Branched-chain amino acids are the biggest selling muscle building supplement on the market with many bodybuilders consuming BCAAs without really knowing the correct amounts to take for their bodyweight and the real benefits of this supplement.
By consuming the wrong amounts of BCAAs will you really be getting the full beneficial impact before, during and after your resistance session? Probably not.
The main focus of this article is to point you in the right direction in terms of the amount required to get the maximal benefits for muscle gains.
What are BCAAs?
Branched-chain amino acids are essential amino acids that are not produced in the body, they include L-valine, L-leucine and L-isoleucine.
Therefore, the BCAAs should be consumed in foods and/or supplements to get the right amounts to build muscle mass.
A top tip is to have a look at the nutritional information on your protein tub and the BCAAs profile should be there.
The main difference between amino acids and BCAAs, is that the BCAAs go directly to the working muscles and are used for growth, repair and re-fuelling.
Amino acids on the other hand, are broken down in the liver and are then sent to the muscle for growth, repair and re-fuelling.
Hence, much of the amino acids potential is lost in translation and by the time that they reach the muscle, their impact is some-what diminished.
By working backwards from this scenario we can determine that BCAAs have a higher growth, repair and re-fuelling potential than amino acids, especially during and after your work outs. The question is why?
What are the 3 main roles of supplementing with BCAAs
Supplementation of BCCAs helps to build muscle via the following three physiological mechanisms:
- Firstly, it triggers muscle protein synthesis and pulls together the amino acids within the muscle to build a stronger structure
- Secondly, it increases insulin levels to help to create a protein synthesising anabolic setting. This creates the correct balance of nutrition, hormones and metabolic function that are essential to build muscle
- Lastly, it boosts growth hormone levels and reduces cortisol levels which are absolutely essential in building muscles.
Research has indicated that branched-chain amino acids can reduce serotonin levels within the body, which are a hormone that helps to regulate mood, tiredness, cognition, sleep, memory & processing.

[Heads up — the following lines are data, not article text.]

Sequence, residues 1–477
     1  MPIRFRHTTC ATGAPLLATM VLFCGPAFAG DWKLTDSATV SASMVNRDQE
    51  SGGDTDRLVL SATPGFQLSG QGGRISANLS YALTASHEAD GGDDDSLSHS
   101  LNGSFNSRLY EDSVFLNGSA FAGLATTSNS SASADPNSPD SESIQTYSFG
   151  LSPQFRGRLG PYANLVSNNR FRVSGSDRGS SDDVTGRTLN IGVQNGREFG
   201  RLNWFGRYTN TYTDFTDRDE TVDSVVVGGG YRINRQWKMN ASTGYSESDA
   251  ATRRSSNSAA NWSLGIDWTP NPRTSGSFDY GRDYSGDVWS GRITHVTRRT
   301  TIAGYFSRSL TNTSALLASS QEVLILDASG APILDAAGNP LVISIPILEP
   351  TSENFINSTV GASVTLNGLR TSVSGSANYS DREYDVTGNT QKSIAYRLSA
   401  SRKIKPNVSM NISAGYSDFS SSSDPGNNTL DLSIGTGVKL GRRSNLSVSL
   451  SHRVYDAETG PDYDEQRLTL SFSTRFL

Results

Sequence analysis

When we exercise serotonin levels are heightened and this mechanism acts as a neurotransmitter as the amino acid tryptophan journeys to the brain. BCCAs especially L-valine blocks tryptophan from entering into the brain cells.
It is this gate keeper approach, that allows you to train for longer because exercise fatigue has been evaded and overall exercise performance is enhanced.
This equates to improved strength and muscle mass gains because you can exercise at a higher intensity for a longer duration.
As mentioned previously, branched-chain amino acids are synthesised with in the skeletal muscles and not in the liver. It is this mechanism that’s blocks post exercise muscle soreness by halting exercise induced muscle damage and this boosts muscle growth and repair.
L-Leucine in particular is a strong catalyst for muscle growth, as it lays the platform for protein synthesis and binds together proteins ready to be used as the building blocks for muscle gains.
In addition, it increases insulin levels during and post exercise which is required to create the right anabolic environment.
It is this anabolic environment, which L-Leucine has a part to play in combined with its protein synthesising potential that creates the correct balance of nutrition and hormones to foster muscle growth.
In terms of hormonal response and muscle growth, branched-chain amino acids can lower cortisol levels and enhance human growth hormone levels.
Cortisol is a stress hormone when in high amounts within the body is ‘catabolic’. Cortisol has the following negative effects on muscle growth:
- It reduces protein synthesis which makes it more difficult to build muscle
- It reduces fat and carbohydrate metabolism
- It slows down your thyroid gland, increase body fat, reduces lean body mass and increases the bloat appearance
The higher the growth hormone levels within the body post exercise, the more benefits occur in terms of muscle growth and gains.
Growth hormone helps to build muscle, stops the accumulation of fat; this increases the use of fats for energy whilst decreasing the use of carbs for energy.
Protein synthesis which is manufactured by the branch-chain amino acids is beneficial up to 24 hours post exercise and this nitrogen balance is optimal at 2 grams per kilogram of bodyweight.
Research has indicated the pre training shake is more important than the post training meal, in terms of protein synthesis; however the post training shake is required for muscle growth, recovery and injury prevention.
BCAAs are utilised by the body far quicker than other amino acids.
They should be on your shopping list to aid muscle growth and recovery and if they are not already in your protein shake; then maybe you really need to switch brands.
Which BCAA supplement is recommended?
If you are looking to increase your intake of BCAA’s then I would recommend trying BCAA Plus, which is available to buy online from MyProtein.
This particular supplement contains the BCAA’s Leucine, Isoleucine and Valine, yet costs just £10.99 for a bottle of 90 capsules.